• Arizona State University researchers have developed a prosthetic device that literally puts the spring back into an amputee’s step. The ASU scientists have developed and refined SPARKy (for spring ankle with regenerative kinetics) into a smart, active and energy storing below-the-knee (transbitial) prosthesis.

    SPARKy is the first prosthetic device to apply regenerative kinetics to its design, which resulted in a lightweight (four pound) device that allows the wearer to walk on grass, cement and rocks, as well as ascend and descend stairs and inclines.

    SPARKY operates by employing a spring to store energy as the wearer walks during normal gait, said Thomas Sugar, an ASU associate professor of engineering at the Polytechnic campus who led the research. Sugar and his colleagues—ASU doctoral students Joseph Hitt and Matthew Holgate, as well as Barrett Honors College student Ryan Bellman—have been developing and refining SPARKy for three years as part of a U.S. Army grant.

    SPARKy uses a robotic tendon to actively stretch springs when the ankle rolls over the foot, thus allowing the springs to thrust or propel the artificial foot forward for the next step. Because energy is stored, a lightweight motor is used to adjust the position of a finely tuned spring that provides most of the power required for gait.

    “SPARKY basically removes the old passive devices and makes it an active device the wearer uses to attain normal gait, which for an amputee is a significant return to normal function,” Sugar said. SPARKy is not only an active prosthetic device, but it also allows a wider range of movement than previous devices, it weighs less and it causes less fatigue for the wearer.

    The device is featured in the January 2010 National Geographic magazine in an article called Merging Man with Machine, the Bionic Age (http://ngm.nationalgeographic.com/2010/01/bionics/thiessen-photography).

    SPARKy provides functionality with enhanced ankle motion and push-off power comparable to the gait of an able bodied individual. Sugar said the device reached its primary goal of returning the functionality of the amputee to his/her status prior to losing a limb.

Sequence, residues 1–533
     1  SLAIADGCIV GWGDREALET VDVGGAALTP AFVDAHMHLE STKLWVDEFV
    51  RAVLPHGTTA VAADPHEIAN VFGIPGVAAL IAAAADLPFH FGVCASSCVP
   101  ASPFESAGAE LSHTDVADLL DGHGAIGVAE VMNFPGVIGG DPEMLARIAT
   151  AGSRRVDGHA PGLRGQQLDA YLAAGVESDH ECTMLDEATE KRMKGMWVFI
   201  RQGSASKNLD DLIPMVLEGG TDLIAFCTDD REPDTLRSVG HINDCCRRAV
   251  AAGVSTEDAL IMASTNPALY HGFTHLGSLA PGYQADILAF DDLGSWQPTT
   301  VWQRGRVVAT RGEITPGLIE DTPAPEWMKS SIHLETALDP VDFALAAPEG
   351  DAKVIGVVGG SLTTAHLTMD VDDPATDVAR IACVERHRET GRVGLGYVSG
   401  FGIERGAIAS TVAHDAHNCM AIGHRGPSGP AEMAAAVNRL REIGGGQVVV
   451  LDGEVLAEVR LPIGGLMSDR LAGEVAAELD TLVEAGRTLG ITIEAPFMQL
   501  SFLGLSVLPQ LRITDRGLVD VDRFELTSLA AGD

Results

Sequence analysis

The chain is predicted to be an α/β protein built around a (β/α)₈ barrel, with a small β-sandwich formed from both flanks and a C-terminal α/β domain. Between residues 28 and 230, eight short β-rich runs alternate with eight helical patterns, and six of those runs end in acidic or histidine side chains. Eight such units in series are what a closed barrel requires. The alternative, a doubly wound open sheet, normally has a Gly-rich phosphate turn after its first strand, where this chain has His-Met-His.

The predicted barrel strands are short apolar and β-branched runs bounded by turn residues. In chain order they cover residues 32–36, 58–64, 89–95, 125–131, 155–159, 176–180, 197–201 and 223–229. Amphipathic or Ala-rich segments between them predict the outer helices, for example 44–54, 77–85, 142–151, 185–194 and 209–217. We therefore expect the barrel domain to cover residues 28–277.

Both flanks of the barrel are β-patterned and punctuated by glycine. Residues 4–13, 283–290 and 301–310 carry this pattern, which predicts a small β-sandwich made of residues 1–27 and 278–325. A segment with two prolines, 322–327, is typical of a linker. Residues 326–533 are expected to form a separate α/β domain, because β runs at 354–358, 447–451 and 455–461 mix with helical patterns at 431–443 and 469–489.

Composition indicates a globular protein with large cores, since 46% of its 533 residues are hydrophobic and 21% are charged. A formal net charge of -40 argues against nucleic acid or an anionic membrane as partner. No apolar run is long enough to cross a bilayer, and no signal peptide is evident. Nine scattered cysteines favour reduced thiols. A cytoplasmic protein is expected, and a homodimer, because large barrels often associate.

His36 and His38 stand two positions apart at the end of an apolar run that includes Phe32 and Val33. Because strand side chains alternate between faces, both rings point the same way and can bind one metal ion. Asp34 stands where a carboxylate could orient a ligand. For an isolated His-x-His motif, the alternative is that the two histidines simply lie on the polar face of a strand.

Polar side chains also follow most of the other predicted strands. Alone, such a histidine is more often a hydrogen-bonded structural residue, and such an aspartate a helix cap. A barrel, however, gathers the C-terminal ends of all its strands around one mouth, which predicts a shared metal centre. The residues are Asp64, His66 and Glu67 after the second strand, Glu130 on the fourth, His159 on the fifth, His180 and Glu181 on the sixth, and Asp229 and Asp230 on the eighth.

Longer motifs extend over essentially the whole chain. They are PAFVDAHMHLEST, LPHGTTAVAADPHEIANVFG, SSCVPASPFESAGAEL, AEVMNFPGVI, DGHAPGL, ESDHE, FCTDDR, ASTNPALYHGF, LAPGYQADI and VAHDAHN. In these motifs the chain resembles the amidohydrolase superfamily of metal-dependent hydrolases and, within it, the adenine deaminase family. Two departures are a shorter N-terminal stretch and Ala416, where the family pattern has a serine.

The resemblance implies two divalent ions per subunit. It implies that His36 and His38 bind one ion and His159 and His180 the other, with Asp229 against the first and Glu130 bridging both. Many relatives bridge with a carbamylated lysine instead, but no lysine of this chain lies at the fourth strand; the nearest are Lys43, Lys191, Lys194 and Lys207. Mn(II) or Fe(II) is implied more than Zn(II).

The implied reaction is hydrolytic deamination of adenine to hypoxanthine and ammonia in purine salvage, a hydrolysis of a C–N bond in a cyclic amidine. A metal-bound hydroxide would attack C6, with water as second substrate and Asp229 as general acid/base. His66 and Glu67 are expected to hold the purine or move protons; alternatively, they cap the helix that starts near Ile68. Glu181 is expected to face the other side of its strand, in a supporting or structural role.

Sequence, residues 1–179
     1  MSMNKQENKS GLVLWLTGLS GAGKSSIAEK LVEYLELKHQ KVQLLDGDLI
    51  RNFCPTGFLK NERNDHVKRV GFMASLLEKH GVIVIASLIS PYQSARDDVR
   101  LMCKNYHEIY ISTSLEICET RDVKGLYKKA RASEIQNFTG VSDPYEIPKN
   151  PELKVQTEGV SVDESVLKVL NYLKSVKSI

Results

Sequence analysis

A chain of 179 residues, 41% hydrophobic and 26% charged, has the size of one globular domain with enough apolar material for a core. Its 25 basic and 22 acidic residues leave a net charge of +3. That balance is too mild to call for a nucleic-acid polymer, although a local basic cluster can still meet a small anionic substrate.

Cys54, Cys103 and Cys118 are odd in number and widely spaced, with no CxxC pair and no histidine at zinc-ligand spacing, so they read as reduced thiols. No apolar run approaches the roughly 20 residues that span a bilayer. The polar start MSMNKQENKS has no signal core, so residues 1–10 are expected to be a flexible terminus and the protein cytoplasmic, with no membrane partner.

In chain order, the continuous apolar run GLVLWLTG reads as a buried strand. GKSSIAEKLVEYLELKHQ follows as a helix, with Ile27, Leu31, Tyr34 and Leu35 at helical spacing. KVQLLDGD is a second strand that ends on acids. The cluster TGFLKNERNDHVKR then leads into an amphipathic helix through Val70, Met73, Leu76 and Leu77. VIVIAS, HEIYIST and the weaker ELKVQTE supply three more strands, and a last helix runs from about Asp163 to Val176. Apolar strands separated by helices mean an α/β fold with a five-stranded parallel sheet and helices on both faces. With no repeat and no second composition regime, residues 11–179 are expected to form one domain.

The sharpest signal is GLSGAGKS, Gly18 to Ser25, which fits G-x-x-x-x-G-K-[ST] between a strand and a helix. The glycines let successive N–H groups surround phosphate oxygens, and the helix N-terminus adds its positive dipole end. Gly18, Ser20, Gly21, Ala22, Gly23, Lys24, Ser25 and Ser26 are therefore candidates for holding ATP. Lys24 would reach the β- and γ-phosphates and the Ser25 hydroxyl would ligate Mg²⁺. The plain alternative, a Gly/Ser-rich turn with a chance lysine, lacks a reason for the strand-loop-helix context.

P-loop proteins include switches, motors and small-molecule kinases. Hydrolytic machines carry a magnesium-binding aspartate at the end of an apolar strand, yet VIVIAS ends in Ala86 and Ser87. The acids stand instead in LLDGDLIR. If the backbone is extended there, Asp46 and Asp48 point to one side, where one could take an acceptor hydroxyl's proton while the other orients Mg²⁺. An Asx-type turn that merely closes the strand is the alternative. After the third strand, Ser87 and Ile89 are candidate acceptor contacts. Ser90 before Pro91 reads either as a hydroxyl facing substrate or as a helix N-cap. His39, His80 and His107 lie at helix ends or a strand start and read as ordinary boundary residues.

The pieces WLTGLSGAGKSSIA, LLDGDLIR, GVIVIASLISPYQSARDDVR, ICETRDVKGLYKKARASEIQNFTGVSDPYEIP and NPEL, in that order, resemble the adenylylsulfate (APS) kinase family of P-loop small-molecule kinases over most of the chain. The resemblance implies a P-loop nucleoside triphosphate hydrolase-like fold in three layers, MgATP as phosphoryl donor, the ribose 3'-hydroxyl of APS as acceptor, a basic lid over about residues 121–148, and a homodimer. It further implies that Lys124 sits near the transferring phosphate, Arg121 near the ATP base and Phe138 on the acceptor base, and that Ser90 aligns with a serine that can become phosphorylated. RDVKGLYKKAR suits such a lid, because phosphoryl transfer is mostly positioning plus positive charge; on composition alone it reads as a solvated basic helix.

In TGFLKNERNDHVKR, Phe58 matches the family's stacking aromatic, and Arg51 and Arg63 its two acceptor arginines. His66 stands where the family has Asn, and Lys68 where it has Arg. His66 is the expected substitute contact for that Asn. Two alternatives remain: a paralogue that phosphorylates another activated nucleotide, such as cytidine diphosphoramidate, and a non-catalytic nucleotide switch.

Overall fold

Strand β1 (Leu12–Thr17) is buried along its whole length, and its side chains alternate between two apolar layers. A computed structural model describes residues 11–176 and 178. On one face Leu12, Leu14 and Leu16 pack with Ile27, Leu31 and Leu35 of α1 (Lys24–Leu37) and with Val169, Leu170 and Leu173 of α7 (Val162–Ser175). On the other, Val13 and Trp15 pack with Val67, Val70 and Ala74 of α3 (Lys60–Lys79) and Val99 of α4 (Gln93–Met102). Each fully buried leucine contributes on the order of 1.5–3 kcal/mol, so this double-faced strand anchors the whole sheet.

The device is built to take advantage of the functional mechanics of gait. A gait cycle is the natural motion of walking, starting with the heel strike of one foot and ending with the heel strike of the same foot.

    “The cycle can be split into two phases, stance and swing,” Sugar said. “We are concerned with storing energy and releasing energy (regenerative kinetics) in the stance phase.”

    The mechanics of walking can be described as catching a series of falls, Sugar added. In SPARKy, a tuned spring (acting like the Achilles tendon) breaks the fall and stores energy as the leg rolls over the ankle during the stance phase.

    While the project is nearing completion of its three year grant, there still is much more work to do to refine the device.

    To date, SPARKy has allowed users to walk on inclines, steps and to walk backwards, not trivial tasks for people who have only had access to passive, and sometimes cumbersome, prosthetics. In the future, the team plans to make additional improvements to lower the weight of SPARKy by integrating very fast microprocessors and using the smallest lithium ion batteries.

    “We want our finished device to allow soldiers to return to active duty,” Sugar said.
      • The prosthetic ankle set to "revolutionize prosthetics"

      • SPARKy - short for Spring Ankle with Regenerative Kinetics - will be the first-of-its-kind, smart, active and energy-storing transtibial, or below-the-knee, prosthesis.
        Once complete, SPARKy is expected to provide functionality with enhanced ankle motion and
        push-off power comparable to the gait of an able-bodied individual.

        Subject is walking at a very fast 3.7 mph on a treadmill with a powered prosthetic ankle.
        SPARKy is a lightweight, energy efficient, and powerful device using a tuned spring for a given body mass.
        At push off (frames 7, 8 and 9), the mechanical power out of the device is 2 to 4 times greater than mechanical power into the device.
        This boost in power is possible by storing energy in the stance phase (frames 2, 3, 4, 5 and 6).
        A spotter is holding a safety switch that can turn off the robot.
  • Gait Assistance

  • The Human/Machine Integration Laboratory is designing spring-based and pneumatic-based wearable robots that are safe, compliant, energy efficient and powerful.
    Tunable springs are used to build a powered ankle orthosis.
    Pneumatic muscles are used to build a Gait Trainer for the ankle, and a Arm Mentor called RUPERT (Robotic Upper Extremity Repetitive Therapy).
    • Concept Model

    • Working Prototype